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Fossil Friday, it’s a crabby day

Were you able to figure it out? Congratulations to Showmerockhounds for getting it right.

imocaris

 

This picture shows the carapace of a decapod crustacean, the group that includes crabs, crayfish, lobsters, and shrimp. More specifically, it is Imocaris tuberuculata, a crab generally considered to be in the group Dromiacea, within Brachyura. The name means crab from the Imo Formation, which is where it was found by Frederick Schram and Royal Mapes in a roadcut along I-65 near Leslie, AR. The rocks around Leslie are a great place to hunt for invertebrate fossils, numerous specimens have come from there. Imocaris is very rare, but quite distinctive, with a carapace that looks like a frog-headed bodybuilder wearing enormous sequined parachute pants.

Fuxianahuia. 520-million-year-old crustacean with a heart. https://www.sciencenews.org/article/ancient-crustacean-had-elaborate-heart

Fuxianahuia. 520-million-year-old crustacean with a heart. https://www.sciencenews.org/article/ancient-crustacean-had-elaborate-heart

Imocaris is an intriguing fossil in that the Imo Formation is thought to be Carboniferous in age, in the Upper Mississippian Period roughly 320-330 million years old. Even though the fossil record of decapods goes back to the Devonian Period, few exist in the Paleozoic, not really hitting their stride until the Mesozoic Era. The fossil record of crustaceans as a whole go all the way back to the Middle Cambrian over 500 million years ago, with specimens found in the Burgess Shale. Thus, the true origin of the crustaceans must be even earlier than that, probably some time in the early Cambrian or the Ediacaran, the latest stage of the preCambrian Era.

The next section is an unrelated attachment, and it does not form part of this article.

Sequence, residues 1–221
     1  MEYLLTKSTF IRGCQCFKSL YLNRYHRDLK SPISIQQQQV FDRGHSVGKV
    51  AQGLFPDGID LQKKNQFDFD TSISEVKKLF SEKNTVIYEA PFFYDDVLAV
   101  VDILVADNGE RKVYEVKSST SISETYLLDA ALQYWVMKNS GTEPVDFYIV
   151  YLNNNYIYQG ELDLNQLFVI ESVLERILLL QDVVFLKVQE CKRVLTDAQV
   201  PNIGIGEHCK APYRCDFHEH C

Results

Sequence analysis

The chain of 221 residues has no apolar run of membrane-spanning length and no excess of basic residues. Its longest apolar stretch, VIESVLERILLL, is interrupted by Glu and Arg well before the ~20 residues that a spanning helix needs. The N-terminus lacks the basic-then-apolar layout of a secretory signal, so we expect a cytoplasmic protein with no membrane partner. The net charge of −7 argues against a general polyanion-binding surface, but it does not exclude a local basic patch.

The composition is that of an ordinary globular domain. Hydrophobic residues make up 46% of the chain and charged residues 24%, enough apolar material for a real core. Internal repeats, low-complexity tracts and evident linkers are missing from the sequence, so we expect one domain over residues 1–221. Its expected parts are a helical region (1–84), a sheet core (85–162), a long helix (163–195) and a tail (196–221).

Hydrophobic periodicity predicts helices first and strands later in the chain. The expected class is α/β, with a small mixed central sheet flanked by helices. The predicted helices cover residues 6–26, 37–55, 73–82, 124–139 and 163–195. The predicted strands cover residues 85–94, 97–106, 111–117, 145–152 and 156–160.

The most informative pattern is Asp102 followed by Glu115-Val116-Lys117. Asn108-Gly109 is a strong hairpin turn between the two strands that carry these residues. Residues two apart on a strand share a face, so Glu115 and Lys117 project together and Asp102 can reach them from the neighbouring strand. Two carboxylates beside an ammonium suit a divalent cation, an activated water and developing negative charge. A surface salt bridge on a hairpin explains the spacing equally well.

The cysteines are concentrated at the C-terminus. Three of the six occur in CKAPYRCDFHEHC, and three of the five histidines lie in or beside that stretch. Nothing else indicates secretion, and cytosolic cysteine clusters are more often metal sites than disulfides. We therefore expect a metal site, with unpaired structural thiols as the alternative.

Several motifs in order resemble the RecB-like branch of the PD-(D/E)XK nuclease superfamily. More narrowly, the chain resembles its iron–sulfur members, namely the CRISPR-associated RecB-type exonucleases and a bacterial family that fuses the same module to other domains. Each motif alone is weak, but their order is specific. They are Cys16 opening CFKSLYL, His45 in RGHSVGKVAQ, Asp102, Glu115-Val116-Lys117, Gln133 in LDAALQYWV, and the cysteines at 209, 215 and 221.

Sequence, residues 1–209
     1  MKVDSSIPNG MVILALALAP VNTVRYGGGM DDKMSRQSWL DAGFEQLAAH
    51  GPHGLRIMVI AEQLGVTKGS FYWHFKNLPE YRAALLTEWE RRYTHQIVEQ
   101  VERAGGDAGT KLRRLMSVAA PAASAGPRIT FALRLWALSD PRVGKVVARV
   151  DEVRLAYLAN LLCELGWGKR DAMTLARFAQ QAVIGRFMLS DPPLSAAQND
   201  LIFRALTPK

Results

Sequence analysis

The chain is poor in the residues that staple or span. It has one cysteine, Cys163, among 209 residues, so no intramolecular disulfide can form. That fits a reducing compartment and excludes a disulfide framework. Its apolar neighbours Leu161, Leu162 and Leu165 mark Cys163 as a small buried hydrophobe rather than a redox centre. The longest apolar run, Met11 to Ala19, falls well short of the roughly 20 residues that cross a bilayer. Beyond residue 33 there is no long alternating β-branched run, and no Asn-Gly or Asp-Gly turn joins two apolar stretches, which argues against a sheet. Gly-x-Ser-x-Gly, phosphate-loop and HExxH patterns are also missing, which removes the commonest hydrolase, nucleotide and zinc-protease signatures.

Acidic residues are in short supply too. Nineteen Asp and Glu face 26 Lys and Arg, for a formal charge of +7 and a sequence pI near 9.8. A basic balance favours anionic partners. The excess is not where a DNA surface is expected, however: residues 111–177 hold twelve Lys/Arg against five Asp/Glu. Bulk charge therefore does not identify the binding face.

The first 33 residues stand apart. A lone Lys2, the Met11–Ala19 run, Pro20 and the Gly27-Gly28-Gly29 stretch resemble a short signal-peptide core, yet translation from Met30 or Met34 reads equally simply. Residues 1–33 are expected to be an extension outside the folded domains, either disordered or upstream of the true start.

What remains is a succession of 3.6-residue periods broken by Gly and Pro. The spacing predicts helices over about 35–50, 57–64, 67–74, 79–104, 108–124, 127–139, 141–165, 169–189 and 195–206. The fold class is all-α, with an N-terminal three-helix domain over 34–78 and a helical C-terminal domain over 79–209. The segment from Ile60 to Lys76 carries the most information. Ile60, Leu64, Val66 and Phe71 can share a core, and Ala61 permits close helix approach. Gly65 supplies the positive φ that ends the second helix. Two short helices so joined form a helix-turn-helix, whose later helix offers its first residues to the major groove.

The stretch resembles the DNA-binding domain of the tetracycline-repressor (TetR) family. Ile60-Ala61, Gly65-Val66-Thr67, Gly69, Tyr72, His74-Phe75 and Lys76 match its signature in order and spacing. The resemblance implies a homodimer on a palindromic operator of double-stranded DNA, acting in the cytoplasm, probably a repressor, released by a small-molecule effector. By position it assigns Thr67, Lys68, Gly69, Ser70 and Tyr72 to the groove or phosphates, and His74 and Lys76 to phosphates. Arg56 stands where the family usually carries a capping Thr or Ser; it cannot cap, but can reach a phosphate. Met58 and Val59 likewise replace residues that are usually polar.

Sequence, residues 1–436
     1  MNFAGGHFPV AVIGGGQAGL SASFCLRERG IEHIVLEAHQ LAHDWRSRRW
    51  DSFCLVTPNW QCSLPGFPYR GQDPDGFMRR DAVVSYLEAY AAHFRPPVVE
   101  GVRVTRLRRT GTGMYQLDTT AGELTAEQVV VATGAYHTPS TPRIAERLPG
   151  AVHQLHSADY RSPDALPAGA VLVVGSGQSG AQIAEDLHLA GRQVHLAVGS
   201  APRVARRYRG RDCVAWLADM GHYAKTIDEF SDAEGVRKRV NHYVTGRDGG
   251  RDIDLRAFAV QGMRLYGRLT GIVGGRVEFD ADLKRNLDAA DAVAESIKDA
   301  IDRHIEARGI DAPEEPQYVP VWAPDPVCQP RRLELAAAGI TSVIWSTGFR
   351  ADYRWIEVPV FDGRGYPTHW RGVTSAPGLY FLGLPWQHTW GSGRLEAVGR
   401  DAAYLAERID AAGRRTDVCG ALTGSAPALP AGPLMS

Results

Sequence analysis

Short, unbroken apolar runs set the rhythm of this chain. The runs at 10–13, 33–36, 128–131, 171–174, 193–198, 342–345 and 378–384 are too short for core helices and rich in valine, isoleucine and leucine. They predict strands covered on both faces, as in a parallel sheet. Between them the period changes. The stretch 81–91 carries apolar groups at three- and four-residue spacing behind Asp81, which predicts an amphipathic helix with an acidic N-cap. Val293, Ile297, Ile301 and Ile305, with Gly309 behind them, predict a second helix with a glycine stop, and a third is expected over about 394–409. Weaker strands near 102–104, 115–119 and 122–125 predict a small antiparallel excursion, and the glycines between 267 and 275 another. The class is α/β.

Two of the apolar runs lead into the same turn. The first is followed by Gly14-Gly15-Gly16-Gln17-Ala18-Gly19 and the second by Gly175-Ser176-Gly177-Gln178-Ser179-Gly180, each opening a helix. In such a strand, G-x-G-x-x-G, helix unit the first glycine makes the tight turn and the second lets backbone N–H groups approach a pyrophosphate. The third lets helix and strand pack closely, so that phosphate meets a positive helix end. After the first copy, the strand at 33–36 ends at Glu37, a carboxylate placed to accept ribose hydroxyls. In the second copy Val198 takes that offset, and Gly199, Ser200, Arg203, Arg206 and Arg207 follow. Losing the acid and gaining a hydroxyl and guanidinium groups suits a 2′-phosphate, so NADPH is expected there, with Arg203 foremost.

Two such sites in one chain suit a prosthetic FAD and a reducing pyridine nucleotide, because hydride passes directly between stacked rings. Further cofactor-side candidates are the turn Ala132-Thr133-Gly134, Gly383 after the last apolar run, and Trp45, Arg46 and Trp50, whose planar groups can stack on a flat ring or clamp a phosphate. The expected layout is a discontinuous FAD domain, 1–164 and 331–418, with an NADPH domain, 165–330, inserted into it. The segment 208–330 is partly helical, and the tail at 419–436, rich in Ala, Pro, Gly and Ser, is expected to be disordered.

The contact (black line) between the Pitkin Limestone (above) and the Fayetteville Shale (below) along highway 65 near Marshall. Arkansas Geological Survey.

The contact (black line) between the Pitkin Limestone (above) and the Fayetteville Shale (below) along highway 65 near Marshall. Arkansas Geological Survey.

The Arkansas Geological Survey calls the Imo Formation as a member of the Pitkin Limestone Formation. The Imo is a shale layer interspersed with thin sandstone and limestone layers found nearthe top of the Pitkin Formation. The Imo, and the Ptikin in general, demonstrate a shallow marine environment indicated by the limestone and an abundance of marine fossils. Most of the fossils are invertebrates showing off a thriving coral reef system, but you can also find conodonts and shark teeth as well. The Pitkin Limestone sits on top of the Fayetteville Shale, itself well known for fossils, particularly cephalopods. The boundary between the two can be seen along I-65 closer to Marshall.

carboniferousseas

Life in the Carboniferous oceans.

 

Frederick Schram & Royal Mapes (1984). “Imocaris tuberculata, n. gen., n. sp. (Crustacea: Decapoda) from the upper Mississippian Imo Formation, Arkansas”. Transactions of the San Diego Society of Natural History 20 (11): 165–168.


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